Talia Taylor & Candice Antique’s Definition of Love

Over the past few months, I’ve be doing audio interviews with mothers who are artists, asking them for their definition of love, and how that definition is exemplified in their relationships with their family, as well as how they show that love through their work and in the community. This is the fourth and final entry.
—PH


 

A heavy dose of rain bounced off of a skylight atop the Sprinkle Lab studio in West Oakland. Under it, Sasha Kelley moved meticulously around a table, taking photos. Her daughter Amina sat off in the distance, occupied by a kid’s show on a handheld device. This allowed Kelley to focus on her subjects: Talia Taylor and Candice Antique.

I was the third person at the table — far from a subject, just in the picture to ask the questions.

Pendarvis Harshaw, Talia Taylor, and Candice Antique sitting around a table at Sprinkle Lab in West Oakland. Photo: Sasha Kelly.

Pendarvis Harshaw, Talia Taylor, and Candice Antique sitting around a table at Sprinkle Lab in West Oakland. Photo: Sasha Kelley.

About two-thirds of the way through our interview — around the time I asked Candice and Talia how they show love to the unborn children they’re carrying — that’s when it all hit.

The whole purpose of my series of interviews with women about the concept of love — the essence of this project — was shown through Candice’s words: “I’m trying to stay really healthy, because it’s not really your body when you’re pregnant.” And then Talia, who is due to give birth later this month, immediately responded: “Yeah, it’s like we’re sharing.”

Candice, who is expecting to give birth in early 2019, intertwined the depth of her comment with a bit of jest.

“I’m just a vessel that’s carrying him, and his whole condo and chairs and table and whole thing,” Candice concluded as she laughed; Talia and I joined her as background vocalists in her song of laughter.

That’s love. To hold another being inside of your body, allowing it to completely alter your flesh — forever — all in effort to provide the proper nourishment for this seed to thrive.

Candice caught laughing. Photo: Sasha Kelly.

Candice caught laughing. Photo: Sasha Kelley.

I’m fascinated. How can you love someone without knowing them? And how do you show that to someone you can’t see?

I thought of interviewing mothers about love around the time my partner and I conceived our daughter. During the time she was pregnant, our frayed relationship further unraveled, largely due to my actions. And I knew it was the worst time for a relationship to hit a pocket of turbulence.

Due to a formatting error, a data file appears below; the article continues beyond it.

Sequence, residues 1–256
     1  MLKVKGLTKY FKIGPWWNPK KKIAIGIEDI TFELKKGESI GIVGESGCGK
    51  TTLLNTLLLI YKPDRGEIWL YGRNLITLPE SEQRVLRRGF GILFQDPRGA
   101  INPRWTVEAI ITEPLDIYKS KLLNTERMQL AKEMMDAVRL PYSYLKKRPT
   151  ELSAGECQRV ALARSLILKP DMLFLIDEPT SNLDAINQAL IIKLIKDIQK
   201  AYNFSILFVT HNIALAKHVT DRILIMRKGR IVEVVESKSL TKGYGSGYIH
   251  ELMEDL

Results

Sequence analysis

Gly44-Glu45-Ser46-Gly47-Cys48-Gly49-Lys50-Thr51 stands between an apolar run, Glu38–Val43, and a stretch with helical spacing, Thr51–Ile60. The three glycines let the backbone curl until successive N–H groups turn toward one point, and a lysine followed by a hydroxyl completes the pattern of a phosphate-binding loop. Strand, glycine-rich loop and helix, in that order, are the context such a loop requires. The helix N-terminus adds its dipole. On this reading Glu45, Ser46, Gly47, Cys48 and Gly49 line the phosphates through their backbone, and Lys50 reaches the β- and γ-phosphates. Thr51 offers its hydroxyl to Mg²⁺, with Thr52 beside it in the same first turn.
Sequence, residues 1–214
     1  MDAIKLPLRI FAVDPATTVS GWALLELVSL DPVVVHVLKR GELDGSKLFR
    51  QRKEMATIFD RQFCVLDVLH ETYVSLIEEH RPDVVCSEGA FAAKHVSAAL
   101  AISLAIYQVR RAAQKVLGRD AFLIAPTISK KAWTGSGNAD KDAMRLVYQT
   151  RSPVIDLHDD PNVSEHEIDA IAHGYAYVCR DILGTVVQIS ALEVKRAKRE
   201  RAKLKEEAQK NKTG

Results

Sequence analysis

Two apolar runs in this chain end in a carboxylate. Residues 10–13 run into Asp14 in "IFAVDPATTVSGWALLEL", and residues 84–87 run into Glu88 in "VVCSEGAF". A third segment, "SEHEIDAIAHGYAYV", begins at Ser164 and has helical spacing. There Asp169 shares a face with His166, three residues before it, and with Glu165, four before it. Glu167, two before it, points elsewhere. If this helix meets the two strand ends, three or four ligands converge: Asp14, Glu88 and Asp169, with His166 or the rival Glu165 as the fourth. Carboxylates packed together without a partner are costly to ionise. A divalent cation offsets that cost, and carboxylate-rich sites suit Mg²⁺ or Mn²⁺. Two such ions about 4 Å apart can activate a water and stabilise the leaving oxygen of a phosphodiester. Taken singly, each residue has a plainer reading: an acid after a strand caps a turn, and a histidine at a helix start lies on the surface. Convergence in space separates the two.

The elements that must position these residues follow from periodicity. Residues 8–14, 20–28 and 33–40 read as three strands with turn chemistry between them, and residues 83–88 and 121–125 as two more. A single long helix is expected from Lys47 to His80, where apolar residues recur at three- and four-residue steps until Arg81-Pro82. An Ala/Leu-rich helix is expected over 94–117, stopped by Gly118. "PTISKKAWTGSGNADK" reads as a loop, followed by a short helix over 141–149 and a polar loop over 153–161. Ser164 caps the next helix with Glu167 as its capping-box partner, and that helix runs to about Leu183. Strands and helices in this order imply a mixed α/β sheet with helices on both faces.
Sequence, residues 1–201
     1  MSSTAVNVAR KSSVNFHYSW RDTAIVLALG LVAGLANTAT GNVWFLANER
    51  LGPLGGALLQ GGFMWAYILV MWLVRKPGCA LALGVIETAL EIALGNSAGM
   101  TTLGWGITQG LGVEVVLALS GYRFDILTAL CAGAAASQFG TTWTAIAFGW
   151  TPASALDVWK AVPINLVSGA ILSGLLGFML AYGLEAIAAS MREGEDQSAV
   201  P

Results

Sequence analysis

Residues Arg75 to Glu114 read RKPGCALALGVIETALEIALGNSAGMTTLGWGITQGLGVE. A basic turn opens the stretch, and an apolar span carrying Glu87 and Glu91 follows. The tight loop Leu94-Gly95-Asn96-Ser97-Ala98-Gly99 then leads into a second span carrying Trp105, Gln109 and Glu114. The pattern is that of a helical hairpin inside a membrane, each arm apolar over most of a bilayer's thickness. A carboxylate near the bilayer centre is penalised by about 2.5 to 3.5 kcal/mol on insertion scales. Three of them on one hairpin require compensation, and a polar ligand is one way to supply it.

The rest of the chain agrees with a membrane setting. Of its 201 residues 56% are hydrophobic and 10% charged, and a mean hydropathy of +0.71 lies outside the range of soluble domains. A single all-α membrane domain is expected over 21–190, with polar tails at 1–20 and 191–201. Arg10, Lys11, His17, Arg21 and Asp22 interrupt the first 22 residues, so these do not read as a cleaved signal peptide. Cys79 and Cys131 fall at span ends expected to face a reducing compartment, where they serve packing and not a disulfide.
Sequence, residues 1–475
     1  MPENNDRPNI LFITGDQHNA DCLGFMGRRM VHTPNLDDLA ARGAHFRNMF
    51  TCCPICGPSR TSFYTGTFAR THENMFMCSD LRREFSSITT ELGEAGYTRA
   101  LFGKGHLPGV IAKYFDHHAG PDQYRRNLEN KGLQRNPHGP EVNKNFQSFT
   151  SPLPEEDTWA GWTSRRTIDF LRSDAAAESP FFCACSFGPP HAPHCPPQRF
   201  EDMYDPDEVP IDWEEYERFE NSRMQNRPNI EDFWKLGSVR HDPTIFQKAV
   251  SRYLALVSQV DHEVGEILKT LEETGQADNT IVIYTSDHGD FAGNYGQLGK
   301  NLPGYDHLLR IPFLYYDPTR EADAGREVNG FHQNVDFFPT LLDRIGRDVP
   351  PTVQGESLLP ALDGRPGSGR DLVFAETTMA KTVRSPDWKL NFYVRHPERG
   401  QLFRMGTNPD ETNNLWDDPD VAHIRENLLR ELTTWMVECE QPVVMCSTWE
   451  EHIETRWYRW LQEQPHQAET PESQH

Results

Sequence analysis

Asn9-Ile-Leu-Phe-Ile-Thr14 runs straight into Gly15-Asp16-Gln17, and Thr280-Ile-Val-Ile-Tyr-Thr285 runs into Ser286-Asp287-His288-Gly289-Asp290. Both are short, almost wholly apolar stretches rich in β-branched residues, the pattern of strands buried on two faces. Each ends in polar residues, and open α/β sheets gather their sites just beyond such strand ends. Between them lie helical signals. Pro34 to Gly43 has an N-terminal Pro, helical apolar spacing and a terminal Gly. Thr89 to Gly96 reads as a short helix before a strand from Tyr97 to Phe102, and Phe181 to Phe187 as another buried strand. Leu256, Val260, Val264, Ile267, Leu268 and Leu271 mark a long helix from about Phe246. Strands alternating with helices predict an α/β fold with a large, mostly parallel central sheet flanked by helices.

Bearing children for any woman isn’t easy, and for a Black mother it’s especially dangerous.

I knew about the skewed infant mortality rate. “Black infants in America are now more than twice as likely to die as white infants,” according to a New York Times article published earlier this year. I knew about postpartum depression, physical injuries that occur during labor, and other health issues.

But still, I’ll never know what it’s like to carry another human inside of my own flesh.

Candice and Talia from a bird's-eye view. Photo: Sasha Kelly.

Candice and Talia from a bird’s-eye view. Photo: Sasha Kelley.

I could never know what the experience was like and what amount of love it would take to make healthy choices, carry a baby and bring the child into this world where there are so many perils to face on a daily basis.

I got a small glimpse into that world during my conversation with writer, organizer, and event host Talia Taylor and Candice Antique, who is a business owner, vocalist, and educator.

A small glimpse into a world where love defeats fear, that’s all I wanted.

I’ve known both Candice and Talia for years. Well, I kind of knew them. We’re all a part of the same circle of creatives. I’ve seen Candice perform at The New Parkway with her group Antique Naked Soul and I’ve seen Talia gripping a bullhorn, organizing people for political purposes in Frank Ogawa Plaza.

We’re a part of the same community, but I didn’t know them. I didn’t know about their parents’ stories. I didn’t know about their paths toward love. I didn’t even know that they knew each other — but again, same circle, so it made sense.

During this time with them, I got to know a little bit more about these two dynamic women. I learned about their connections to the continent of Africa, their concerns about motherhood, and their definitions of love.

Sasha Kelly, Talia Taylor, and Candice Antique Davis. Photo: Pendarvis Harshaw.

Sasha Kelley, Talia Taylor, and Candice Antique Davis. Photo: Pendarvis Harshaw.

For Talia, “Love is an act, it’s a series of acts.”

For Candice, “Love it the language of your heart; what your heart speaks is love.” And then she added, “I agree with Talia, it manifests itself in action.”

To hear our full interview, I invite you to click below.

 

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